Go to Cyber Hub in Gurgaon, walk down the Singapore look-alike walkway with restaurants and cafes on either side, settle down in Sodabottleopenerwala for a Berry Pulao and Tamota Papeta Per Eeda (eggs poached on a bed of tomato and potato). You will have experienced two of the strongest food trends of 2014.
The first one is the opening up of large tranches of land on which to set up entertainment projects. In the National Capital Region itself, Epicuria in Nehru Place and Cyber Hub in Gurgaon are a mere indication of things to come. The ‘not quite a mall, not quite a high street’ format is likely to be the biggest game changer in the new year. It is refreshing to note that Epicuria has thrown up surprising new heroes: Sona Sweets and Kerala Express. It has also killed some large brand names. Which ones? Ha ha. Go to the food court and you’ll see for yourself.
The second major trend is likely to be everyone’s whipping boy: desi cuisine. For long, it has been ignored and worse, maligned as being too rich, heavy and unhealthy. However, all one billion of us have the trademark melange of spice blends too deep in our DNA to make the switch from karivadagam to hummus without a struggle. The dichotomy arises when all the imported cuisines have to be tweaked to the local palate, inured as we are to a diet of spices awash in a gravy, yet genuine Indian restaurants, especially regional ones, remained resolutely under the radar because of the trend quotient.
Sodabottleopenerwala is a retro look at a Parsi café. Because of the dwindling of numbers in the Parsi community, it is a certainty that the cuisine is on its way out. To pair it with a quaint café with equal elements of the new and the old was to give a regional Indian cuisine an amusing association. Indian food has many associations, but amusing has never been one of them. Besides that, a chef of Indian origin, currently outside the country, wants to open a restaurant with chaat as the concept. Not any old chaat, mind, but to divulge any more details would be to spoil the game for him. Another high-profile chef wants to inject life into the mithai segment, with mithai cafes in a few key locations.
First we had Wasabi by Morimoto; then came Megu, Arola and Le Cirque, now is the chance of Akira Back to win new customers. With hotels opening so rapidly (think Delhi’s Aerocity), the third trend is that the differentiator will be the food and beverage offerings, which in turn will hinge on celebrity chefs lending their name to hip eateries that showcase their food, with minor tweaks to the local palate. For example, with the highest percentage of vegetarianism anywhere in the world in India, how can an international restaurant not take cognizance? Usually what has happened in all these examples is that the local kitchen tries out some vegetarian recipes, gets the approval of the eponymous chef and places it on the menu. One happy fallout is that the vegetarian offerings usually make it to the restaurant’s other branches as well! In the toffee-nosed world of impossible-to-please chefs running top of the line restaurants, this is no mean achievement.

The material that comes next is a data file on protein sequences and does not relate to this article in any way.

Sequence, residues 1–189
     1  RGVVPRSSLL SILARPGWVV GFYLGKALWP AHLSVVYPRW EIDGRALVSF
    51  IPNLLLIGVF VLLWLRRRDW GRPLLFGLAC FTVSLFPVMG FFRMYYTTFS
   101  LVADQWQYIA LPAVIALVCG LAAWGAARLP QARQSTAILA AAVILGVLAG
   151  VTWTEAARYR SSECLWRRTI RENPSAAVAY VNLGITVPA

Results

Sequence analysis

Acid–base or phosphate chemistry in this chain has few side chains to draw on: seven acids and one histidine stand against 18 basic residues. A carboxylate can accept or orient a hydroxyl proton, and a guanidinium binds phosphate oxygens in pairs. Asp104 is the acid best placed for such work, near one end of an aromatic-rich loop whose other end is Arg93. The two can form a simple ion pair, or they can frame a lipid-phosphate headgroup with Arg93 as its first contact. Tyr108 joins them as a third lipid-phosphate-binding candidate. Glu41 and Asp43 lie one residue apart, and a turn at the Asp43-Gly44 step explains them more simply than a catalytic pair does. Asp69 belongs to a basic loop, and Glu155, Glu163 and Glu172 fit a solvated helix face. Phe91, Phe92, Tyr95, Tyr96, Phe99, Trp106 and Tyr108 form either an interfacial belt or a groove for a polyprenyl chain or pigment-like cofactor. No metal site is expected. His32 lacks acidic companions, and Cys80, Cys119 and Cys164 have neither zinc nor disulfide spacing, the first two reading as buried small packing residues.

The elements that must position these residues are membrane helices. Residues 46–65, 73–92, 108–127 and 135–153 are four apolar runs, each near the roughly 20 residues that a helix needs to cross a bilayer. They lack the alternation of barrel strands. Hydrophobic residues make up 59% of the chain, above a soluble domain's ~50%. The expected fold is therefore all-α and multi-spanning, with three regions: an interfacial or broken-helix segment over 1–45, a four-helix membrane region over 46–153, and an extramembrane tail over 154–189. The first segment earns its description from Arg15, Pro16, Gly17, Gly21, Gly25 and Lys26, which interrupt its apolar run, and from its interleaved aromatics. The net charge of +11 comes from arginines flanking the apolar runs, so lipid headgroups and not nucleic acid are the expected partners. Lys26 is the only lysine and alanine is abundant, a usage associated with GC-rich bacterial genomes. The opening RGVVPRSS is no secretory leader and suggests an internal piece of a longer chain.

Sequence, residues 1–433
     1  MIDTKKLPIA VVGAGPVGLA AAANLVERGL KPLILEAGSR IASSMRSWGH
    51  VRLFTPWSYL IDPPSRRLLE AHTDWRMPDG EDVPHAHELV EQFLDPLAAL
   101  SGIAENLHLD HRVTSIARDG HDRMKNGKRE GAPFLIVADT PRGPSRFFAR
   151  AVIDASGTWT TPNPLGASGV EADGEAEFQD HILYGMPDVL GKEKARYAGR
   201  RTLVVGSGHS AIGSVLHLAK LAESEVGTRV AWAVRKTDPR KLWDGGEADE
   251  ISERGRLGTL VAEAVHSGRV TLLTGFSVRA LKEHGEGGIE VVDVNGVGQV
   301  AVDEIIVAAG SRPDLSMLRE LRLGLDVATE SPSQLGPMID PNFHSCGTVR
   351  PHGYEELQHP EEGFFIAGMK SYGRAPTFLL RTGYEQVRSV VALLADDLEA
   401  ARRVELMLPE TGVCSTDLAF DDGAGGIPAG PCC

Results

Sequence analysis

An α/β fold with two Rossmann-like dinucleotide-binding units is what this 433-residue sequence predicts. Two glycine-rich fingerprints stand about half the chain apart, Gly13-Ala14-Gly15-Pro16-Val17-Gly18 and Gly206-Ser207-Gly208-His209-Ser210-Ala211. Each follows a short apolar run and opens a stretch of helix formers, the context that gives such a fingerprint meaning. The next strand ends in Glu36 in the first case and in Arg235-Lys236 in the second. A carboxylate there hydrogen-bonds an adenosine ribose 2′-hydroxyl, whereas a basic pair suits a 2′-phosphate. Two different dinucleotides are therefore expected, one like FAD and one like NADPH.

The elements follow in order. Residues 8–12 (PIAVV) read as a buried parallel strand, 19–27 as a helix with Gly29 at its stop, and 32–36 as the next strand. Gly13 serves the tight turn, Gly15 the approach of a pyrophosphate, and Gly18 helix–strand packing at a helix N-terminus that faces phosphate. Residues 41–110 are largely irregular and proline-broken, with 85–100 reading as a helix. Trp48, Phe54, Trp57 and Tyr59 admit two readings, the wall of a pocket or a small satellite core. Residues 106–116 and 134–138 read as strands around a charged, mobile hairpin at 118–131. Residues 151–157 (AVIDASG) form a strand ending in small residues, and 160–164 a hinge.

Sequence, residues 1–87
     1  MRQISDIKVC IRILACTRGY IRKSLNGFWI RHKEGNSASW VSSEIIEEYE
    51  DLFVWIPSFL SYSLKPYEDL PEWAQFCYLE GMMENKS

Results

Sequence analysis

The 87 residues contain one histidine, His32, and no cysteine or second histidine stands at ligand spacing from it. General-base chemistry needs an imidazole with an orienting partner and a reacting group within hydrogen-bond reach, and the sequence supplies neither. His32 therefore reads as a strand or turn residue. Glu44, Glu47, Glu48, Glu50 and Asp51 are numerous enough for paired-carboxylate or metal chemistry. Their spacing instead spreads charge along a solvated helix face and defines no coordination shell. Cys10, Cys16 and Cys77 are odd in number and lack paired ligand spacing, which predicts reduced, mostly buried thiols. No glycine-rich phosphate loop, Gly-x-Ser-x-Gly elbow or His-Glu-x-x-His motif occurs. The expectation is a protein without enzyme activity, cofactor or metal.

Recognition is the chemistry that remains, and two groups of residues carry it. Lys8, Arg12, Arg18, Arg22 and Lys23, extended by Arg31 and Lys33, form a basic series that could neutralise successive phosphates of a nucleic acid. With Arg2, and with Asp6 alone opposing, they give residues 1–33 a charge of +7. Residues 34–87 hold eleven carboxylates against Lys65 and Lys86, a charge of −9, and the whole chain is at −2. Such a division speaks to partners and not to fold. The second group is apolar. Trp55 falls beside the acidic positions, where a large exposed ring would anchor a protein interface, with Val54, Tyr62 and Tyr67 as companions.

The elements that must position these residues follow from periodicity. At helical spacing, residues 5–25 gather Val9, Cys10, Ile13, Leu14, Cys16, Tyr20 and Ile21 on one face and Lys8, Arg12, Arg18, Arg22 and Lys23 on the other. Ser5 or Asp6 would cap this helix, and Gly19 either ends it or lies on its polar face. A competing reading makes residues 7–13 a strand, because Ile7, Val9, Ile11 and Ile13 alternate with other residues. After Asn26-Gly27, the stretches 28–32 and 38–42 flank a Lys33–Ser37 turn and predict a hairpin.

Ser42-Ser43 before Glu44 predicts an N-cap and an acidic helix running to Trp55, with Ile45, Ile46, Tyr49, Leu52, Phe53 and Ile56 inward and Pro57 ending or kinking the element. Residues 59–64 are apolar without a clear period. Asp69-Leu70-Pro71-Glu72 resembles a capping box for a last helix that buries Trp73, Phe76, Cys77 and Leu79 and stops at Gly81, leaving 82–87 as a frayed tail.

The fourth trend is the so far murky world of vegetable and meat suppliers is going to become more streamlined. While we may still be a few years away from DOP and AOC classifications that Europe has for its celebrated ingredients, bananas from a certain farm in the north east of Kerala and turmeric from Salem in Tamil Nadu will come into their own. They will be sought after with the stamp of approval of chefs like Manish Mehrotra, Vineet Bhatia and Gaggan Anand, which will lead them to command a premium. On the principle that nothing succeeds like success, enough farmers and market gardeners will jump into the fray to find their names on restaurant menus in the same way that, say, Roast Restaurant in London’s Borough Market does. Noma in Denmark managed to inject some vitality into the suppliers there. Tiny beginnings have been made here as well.
Finally, that great catalyst of social change, television, has entered our kitchens too. After Mahabharata, Hum Log and Saas bhi Kabhi Bahu thi, we have Masterchef Australia as our new drug. Even as the country pores over the travails of popular contestants and unreasonable judges, we learn about new presentations and ingredients. Add that to our travelling overseas and rather than the shoes and bags that we used to fill our suitcases with, it’s now the turn of Ras al Hanout from Morocco, kanzuri peppers from Japan and canned razor clams from Spain that we sneak past customs.